Procedure 1, The Helper-Hinderer is an experimental paradigm developed to assess whether infants favour prosocial acts [31]. The infant is seated on the mother's lap and views a large display (3×5 feet) situated in front of him/her approximately 6 feet away in which a coloured shape (square, circle, triangle) with googly eyes is shown either helping another up a slope (helper trial) or hindering another's progress up the slope (hinderer trial). Helping trials and hindering trials are alternated throughout and the series of learning trials are ended once the infant has shown a predetermined level of habituation to the stimuli, or when the maximum number of pre-set trials has been reached (14 trials). Criterion for habituation was defined on an a priori basis as the point when the mean infant looking time over three consecutive trials had fallen to half the mean looking time observed over the first three trials. Once the learning trials ended the infant was given a preference task, between the helper-shape or hinderer-shape. Shape and colour of the stimuli are counterbalanced across trials. The duration of the learning procedure is not standard but varies depending on how quickly the infant habituates to the presentation of the stimuli. In the current study the mean duration of the procedure was 3.74 minutes, SD 1.20, minimum 0.88 minutes, maximum 8.09 minutes RSA was calculated for the last 2 minutes of this procedure to ensure standardisation of infants' looking times.

Procedure 2, The Novel Toy Exploration Procedure is a 2-minute episode in which the infant is presented at a table with a 4-facet triangular pyramid-shaped toy to explore for two minutes while sitting on mother's knees. This has been used in previous studies to assess baseline vagal tone [32].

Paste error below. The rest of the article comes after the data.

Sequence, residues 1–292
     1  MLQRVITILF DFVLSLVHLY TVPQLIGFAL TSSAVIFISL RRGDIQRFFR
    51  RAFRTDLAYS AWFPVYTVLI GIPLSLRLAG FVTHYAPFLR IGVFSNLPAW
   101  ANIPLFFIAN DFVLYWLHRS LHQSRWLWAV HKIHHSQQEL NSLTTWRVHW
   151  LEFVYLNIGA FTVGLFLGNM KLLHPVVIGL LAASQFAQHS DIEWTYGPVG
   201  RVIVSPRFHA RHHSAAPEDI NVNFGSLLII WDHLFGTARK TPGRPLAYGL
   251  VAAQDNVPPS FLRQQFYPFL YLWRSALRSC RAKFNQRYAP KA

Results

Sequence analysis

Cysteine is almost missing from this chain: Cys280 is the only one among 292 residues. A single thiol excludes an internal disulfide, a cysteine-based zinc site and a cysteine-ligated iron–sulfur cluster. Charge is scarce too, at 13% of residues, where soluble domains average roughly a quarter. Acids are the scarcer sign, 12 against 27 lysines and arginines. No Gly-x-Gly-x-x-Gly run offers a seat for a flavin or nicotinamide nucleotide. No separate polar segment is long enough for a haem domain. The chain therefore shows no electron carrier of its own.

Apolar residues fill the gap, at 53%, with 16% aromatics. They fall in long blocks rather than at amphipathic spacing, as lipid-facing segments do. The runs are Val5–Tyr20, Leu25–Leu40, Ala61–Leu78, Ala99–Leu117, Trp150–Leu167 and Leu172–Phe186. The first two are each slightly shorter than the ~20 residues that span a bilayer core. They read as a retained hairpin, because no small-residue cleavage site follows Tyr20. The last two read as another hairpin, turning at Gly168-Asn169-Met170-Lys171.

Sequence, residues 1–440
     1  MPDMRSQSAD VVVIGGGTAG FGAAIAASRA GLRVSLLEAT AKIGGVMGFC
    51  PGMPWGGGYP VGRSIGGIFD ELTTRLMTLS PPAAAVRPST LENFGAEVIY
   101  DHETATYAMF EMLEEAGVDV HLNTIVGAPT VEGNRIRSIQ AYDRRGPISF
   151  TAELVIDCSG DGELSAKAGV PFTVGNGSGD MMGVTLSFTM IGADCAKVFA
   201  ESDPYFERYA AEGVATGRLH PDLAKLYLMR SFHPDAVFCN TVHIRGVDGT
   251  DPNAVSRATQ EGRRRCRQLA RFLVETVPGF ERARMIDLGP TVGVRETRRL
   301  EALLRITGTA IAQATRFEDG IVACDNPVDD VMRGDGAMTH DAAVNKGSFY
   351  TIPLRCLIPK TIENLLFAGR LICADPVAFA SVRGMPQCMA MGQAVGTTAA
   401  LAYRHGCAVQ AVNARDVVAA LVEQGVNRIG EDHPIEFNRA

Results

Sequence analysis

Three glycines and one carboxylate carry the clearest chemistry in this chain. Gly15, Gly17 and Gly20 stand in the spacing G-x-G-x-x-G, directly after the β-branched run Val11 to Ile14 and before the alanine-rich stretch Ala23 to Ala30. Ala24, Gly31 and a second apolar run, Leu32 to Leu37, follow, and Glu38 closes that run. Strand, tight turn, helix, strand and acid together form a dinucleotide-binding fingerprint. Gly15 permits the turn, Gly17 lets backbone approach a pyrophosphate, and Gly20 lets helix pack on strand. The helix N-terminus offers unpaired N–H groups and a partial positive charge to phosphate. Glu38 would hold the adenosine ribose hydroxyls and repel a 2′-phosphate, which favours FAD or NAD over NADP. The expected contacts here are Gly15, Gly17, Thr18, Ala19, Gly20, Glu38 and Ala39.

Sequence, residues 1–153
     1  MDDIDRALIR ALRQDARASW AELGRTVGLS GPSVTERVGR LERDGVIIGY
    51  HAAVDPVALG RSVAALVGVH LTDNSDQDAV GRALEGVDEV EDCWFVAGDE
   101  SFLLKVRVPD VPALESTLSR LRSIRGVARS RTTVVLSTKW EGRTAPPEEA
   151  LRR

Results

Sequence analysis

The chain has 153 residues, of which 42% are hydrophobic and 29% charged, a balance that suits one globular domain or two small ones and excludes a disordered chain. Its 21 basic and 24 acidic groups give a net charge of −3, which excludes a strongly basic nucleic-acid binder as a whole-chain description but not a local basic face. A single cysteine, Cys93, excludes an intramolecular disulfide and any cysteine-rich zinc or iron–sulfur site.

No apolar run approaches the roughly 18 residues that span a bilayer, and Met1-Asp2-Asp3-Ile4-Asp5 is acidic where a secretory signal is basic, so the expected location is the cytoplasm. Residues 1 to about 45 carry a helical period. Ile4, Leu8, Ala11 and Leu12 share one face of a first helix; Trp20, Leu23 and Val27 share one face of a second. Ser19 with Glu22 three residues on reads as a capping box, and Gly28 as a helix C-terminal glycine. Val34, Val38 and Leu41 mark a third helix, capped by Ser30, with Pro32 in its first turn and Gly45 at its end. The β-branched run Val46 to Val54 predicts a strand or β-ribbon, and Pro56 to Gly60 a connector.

Procedures 3, 4, and 5, The Still-face procedure was conducted with the infant in a high chair facing the mother. This comprised two minutes of face to face playful interactions without toys, followed by two minutes during which the mother was asked to be unresponsive to her child's communications (the ‘still face’), followed by two minutes during which she was asked to become responsive again (the ‘repair’) [33]. The Still Face has been used extensively in studies of vagal reactivity to stress [27], [34].

The numbers of infants from whom RSA data were obtained varied between 270 and 247 by condition (Table 1) because the electrodes became detached in 26 infants at various points during the procedures. Principal components analysis yielded a factor with an Eigenvalue of 3.54 which explained 70.73% of the total variance. All five RSA values loaded highly on to the factor (factor loadings .86, .84, .84, .84, .82) supporting the existence of a latent variable which could be construed as ‘resting’ or ‘baseline’. For simpler analyses and for graphical description of effects, baseline vagal tone was measured by the average RSA across the helper-hinderer, novel toy, engagement and repair conditions. Vagal withdrawal was measured as this average minus the RSA under the still-face condition.

Statistical Analyses